Enamel erosion exposes the state of dentin, which manifests as yellow stains and discoloration.
Some drinks might not be acidic but the sugar content interacts with bacteria in the mouth leading to an acidic environment conducive to damage and staining.
Habits can turn costly in the ultimate need for whitening treatments.
When drinks loaded with chromogens and tannins linger in the mouth, its natural ability to avoid stains lessens.
Although saliva has the ability to balance out the pH in the mouth, the amount of acidic beverages and the frequency of consumption can reduce the efficacy of repair.
13 Drinks That Can Cause Teeth Stains
The list is a pointer to certain characteristics of some drinks that cause stains.
Drinks that cause wreckage are acidic, sugary and contain chromogens and tannins.
However, the effects can vary and are dependent on factors such as the condition of teeth other demographics. Here are some saboteurs in the stain game.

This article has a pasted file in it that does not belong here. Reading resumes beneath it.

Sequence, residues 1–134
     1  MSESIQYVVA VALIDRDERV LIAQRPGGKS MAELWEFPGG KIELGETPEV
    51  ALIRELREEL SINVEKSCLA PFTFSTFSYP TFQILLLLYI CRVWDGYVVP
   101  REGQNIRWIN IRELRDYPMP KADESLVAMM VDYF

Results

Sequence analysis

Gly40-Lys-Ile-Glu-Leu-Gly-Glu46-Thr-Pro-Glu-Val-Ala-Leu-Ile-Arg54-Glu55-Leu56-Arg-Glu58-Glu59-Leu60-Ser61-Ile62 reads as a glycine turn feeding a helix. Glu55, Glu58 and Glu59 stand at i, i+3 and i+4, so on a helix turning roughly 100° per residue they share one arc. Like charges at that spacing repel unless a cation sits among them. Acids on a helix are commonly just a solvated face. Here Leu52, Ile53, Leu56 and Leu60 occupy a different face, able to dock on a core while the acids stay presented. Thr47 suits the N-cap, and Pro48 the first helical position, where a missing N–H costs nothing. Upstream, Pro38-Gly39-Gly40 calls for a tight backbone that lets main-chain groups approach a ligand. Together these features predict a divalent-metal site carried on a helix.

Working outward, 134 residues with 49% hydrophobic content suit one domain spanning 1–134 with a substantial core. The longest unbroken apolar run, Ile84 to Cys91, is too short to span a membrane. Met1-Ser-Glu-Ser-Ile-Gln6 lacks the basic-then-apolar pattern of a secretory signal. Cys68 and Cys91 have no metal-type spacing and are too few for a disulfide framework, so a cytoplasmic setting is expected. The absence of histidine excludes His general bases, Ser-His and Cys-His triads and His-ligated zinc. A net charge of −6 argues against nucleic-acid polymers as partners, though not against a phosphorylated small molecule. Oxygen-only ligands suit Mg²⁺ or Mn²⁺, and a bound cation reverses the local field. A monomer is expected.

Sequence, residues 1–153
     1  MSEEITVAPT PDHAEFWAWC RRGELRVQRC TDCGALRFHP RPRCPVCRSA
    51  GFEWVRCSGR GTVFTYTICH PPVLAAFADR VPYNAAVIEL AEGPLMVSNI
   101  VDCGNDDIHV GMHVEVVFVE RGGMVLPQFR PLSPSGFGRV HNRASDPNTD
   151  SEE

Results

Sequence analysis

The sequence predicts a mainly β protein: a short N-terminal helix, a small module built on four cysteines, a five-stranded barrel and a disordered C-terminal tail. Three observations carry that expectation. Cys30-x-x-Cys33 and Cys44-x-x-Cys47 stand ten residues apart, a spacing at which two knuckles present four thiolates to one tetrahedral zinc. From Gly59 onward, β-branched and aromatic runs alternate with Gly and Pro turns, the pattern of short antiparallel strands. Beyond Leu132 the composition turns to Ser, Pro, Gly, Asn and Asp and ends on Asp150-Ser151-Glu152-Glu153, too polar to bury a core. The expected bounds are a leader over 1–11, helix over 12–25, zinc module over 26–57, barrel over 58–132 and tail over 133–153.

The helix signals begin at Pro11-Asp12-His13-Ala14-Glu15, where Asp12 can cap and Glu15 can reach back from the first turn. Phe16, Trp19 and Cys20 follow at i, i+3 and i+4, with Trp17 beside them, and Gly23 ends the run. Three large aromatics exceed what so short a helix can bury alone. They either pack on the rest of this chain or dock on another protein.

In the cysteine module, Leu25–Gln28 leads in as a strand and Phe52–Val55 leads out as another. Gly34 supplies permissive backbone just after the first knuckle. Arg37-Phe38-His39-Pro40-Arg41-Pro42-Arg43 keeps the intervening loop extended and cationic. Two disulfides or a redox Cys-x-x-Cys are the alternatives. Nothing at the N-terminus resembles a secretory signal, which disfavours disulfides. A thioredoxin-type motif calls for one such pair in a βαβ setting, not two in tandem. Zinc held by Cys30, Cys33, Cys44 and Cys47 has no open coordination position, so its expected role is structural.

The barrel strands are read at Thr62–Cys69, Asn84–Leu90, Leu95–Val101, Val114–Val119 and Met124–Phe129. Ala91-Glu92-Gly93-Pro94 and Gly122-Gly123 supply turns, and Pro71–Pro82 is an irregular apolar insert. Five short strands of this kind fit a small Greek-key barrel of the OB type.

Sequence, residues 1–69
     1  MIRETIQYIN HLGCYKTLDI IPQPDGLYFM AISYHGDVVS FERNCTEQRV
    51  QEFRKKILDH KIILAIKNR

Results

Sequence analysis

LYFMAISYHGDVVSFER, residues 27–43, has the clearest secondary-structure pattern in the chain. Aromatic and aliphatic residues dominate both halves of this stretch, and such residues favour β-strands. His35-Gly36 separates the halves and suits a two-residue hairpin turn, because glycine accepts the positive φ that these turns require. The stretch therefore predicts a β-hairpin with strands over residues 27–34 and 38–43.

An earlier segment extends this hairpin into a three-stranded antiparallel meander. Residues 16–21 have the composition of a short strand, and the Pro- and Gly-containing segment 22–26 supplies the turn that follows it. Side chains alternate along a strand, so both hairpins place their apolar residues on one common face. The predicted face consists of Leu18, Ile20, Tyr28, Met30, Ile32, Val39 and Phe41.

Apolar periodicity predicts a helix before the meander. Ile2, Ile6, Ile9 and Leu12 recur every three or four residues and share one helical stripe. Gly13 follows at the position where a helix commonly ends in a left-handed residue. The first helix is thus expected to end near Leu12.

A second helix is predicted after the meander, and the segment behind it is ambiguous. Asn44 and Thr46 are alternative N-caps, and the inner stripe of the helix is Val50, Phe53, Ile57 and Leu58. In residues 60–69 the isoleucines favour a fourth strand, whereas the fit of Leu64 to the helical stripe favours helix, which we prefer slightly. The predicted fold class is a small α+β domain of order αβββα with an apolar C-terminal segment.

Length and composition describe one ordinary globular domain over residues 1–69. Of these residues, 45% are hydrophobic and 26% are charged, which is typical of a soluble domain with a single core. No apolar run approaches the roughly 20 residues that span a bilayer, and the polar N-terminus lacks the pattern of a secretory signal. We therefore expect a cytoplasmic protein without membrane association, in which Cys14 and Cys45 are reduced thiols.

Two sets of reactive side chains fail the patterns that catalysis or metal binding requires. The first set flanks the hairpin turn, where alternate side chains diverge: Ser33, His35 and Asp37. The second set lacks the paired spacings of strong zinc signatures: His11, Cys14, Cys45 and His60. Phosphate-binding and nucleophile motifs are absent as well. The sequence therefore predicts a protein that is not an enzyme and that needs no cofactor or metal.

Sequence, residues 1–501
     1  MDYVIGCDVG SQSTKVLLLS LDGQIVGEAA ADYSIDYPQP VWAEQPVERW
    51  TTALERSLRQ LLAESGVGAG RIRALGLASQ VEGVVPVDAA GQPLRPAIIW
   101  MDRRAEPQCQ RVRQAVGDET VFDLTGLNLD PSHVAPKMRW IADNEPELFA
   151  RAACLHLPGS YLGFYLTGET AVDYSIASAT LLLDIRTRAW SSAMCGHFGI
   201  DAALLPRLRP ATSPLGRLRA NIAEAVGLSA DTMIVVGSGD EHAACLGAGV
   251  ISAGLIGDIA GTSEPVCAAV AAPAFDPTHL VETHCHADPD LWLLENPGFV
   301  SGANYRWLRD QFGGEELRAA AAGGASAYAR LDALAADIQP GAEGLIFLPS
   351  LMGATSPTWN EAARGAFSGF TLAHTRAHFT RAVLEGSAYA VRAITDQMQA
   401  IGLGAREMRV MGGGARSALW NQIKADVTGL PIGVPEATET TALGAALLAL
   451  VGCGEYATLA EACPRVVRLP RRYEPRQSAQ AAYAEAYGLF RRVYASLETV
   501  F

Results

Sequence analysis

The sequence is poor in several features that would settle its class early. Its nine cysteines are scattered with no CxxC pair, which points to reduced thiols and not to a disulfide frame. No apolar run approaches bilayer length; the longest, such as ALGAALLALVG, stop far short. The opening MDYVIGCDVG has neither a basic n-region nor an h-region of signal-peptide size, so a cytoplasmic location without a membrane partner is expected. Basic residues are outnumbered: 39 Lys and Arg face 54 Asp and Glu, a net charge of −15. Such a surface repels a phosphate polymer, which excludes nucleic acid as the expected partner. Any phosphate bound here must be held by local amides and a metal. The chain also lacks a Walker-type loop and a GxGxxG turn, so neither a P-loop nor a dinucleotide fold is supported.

1. Black Tea
Sipping on a cup of tea can be very relaxing and beneficial in terms of the antioxidant benefits. No wonder, most tea enthusiasts are not deterred by the staining properties of tea.
Black tea is the strongest in its staining abilities and stains more than coffee.
Tea is notoriously acidic which erodes porous enamel making easier for tannins in tea to deposit stains in these eroded etches.
Initially tannins in tea are attracted to plaque leaving behind a yellow discoloration, eventually turning into tones of brown if neglected.
Besides limiting the consumption of tea, swishing with water after a cup can rinse out the particles that tea might leave behind.
Tea stains can be also tackled at the dentist with whitening treatments depending on the level of staining.
2. Herbal and lighter colored teas
Herbal tea, green tea and white tea provide a host of health benefits besides providing antioxidant support.